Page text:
The Origin of the Universe by Bilal Qureshi
Since the dawn of intelligent man, humanity has speculated about the origins of the universe. There is evidence, which indicates that the universe started around 15 billion years ago. This is probably the greatest discovery imaginable; however, the universe still seems to be a very controversial subject.
Most scientists agree that there was a beginning but there is a lot of speculation of how it (the universe) actually started. The much-celebrated Greek philosopher, Aristotle, denied the fact that there ever was a beginning. He and his associates believed in the eternal existence of the universe, they also tried to prove that the universe was static, and was unchanging in time. However, there is evidence, which suggests that the universe is changing with time. Geologists have discovered meteorites on the earth that have existed for many thousands of millions of years, way before the earth came into existence. A second principle, which concretises the beginning of the universe, is the second law of thermodynamics. As I quote the cosmologist Sir Arthur Eddington, said, "Don't worry if your theory doesn't agree with the observations, because they are probably wrong.' But if your theory does not agree with the 2nd law of thermodynamics then it is in serious trouble". The second law states that disorder (which is measured by entropy) always increases with time. Therefore, the idea that the universe existed forever is contradictory, because the second law implies that there was a beginning.
If the universe has an infinite number of stars then the night sky should be uniformly bright as the surface of the sun. This essentially is Olbers' paradox There are many possible explanations for Olbers' paradox. Here are just a few:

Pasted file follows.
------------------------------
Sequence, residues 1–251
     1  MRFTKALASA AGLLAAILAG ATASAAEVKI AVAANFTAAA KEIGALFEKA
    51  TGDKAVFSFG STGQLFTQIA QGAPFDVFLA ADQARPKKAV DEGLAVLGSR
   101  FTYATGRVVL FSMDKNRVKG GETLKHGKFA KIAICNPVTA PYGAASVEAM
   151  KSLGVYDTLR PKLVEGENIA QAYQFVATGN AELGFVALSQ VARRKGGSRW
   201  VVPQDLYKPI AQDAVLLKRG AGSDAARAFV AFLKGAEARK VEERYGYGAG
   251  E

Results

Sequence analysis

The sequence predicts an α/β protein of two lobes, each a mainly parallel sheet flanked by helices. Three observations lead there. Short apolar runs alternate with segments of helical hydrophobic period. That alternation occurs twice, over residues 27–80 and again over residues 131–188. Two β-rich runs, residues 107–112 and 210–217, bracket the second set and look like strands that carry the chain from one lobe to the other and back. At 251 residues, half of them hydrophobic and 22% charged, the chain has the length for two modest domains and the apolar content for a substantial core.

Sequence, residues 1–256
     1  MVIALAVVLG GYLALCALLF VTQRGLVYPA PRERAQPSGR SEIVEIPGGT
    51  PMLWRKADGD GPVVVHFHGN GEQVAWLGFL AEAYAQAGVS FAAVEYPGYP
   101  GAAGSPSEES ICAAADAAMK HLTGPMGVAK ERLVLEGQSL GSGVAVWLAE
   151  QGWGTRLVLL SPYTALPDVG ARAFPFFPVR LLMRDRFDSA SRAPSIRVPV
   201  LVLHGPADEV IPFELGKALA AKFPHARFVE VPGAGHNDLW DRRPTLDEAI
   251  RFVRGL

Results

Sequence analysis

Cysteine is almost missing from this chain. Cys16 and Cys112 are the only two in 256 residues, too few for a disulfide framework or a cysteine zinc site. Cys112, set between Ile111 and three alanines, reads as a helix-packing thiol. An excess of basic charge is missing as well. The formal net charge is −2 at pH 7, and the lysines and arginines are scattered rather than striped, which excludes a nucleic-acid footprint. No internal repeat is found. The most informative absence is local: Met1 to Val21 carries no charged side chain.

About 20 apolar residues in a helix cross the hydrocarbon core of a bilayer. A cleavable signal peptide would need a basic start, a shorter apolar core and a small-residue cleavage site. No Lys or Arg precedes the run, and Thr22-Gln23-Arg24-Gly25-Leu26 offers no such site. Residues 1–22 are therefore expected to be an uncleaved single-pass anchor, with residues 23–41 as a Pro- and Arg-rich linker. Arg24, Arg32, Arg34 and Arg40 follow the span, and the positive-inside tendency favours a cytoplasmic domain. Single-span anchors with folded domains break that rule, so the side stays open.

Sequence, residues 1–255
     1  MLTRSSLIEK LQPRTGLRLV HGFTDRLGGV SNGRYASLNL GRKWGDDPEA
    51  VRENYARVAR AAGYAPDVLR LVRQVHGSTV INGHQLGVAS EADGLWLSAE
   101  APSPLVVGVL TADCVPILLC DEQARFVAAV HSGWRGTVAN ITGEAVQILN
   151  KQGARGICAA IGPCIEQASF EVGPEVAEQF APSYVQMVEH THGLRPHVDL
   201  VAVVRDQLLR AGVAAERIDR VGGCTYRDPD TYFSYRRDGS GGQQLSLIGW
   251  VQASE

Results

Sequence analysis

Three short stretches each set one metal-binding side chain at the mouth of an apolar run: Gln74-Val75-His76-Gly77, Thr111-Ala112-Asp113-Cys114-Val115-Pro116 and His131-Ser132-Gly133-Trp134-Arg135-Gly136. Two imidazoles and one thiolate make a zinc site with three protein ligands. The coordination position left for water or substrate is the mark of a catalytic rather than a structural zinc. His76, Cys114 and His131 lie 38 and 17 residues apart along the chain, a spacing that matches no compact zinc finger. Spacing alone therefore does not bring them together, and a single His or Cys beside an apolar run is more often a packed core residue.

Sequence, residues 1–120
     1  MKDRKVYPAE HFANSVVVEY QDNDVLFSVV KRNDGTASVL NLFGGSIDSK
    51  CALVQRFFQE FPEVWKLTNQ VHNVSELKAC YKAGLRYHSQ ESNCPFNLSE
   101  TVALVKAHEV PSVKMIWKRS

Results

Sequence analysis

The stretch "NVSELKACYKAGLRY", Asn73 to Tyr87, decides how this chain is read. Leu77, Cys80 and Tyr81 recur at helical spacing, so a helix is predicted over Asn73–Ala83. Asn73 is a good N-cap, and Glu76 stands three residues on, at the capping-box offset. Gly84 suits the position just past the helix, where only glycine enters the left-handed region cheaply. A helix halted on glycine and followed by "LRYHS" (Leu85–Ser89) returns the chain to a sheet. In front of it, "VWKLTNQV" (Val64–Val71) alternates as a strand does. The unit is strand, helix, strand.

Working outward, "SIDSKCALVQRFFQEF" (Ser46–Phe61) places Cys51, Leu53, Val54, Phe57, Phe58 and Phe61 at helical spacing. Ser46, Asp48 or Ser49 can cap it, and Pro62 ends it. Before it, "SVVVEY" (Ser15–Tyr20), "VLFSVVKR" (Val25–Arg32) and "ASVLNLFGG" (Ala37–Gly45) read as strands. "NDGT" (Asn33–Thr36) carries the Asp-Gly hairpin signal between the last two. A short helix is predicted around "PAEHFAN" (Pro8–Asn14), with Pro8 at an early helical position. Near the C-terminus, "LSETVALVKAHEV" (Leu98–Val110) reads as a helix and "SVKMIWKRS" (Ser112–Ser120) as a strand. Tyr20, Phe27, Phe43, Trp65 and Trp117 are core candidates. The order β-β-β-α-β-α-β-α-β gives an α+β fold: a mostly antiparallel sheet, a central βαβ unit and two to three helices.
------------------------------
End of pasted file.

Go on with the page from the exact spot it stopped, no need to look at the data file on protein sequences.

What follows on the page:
There's too much dust to see the distant stars.
The universe is expanding, so distant starts are red-shifted into obscurity. The universe is young. Distant light hasn't even reached us yet.
The first explanation does not make sense. The dust in a black body will heat up; this essentially acts like a radiation shield, exponentially damping the distant starlight. In addition, one cannot put enough dust into the universe to get rid of all the starlight, without obscuring your own sun. The last two possibilities are correct. There are numerical arguments that effect the finite age of the universe. Currently, we live inside an "observable universe", objects more than the age of 15 billion are too far away too ever reach us.
The question put forward by Newton was:
"If the universe is full of static then, why did the stars suddenly turn on?
This is where we turn to the Cosmological principal.
It states that the universe is homogeneous (the same everywhere) and isotropic. (The same in all directions) It is an extension of the Copernican principle, which states that we are not in a special place at the centre of the solar system, but just one of nine planets. In relation we can, according to Newton find a gravitational force between to objects of masses M1 and M2: FG= GM1 M2/d2
This equation indicates that each star in the universe is attracted to each other star. The problem with this equation is the Gravitational constant. In cosmological terms, how could the stars remain at a constant distance, wouldn't they end up falling? It is possible for the stars/galaxies to be attracted to each other but it is impractical to assume that the stars/galaxies are getting closer to each other. The correct procedure is to assume that there is a finite region of stars, which are distributed uniformly by more stars that are outside the finite region. Adding more stars outside will not...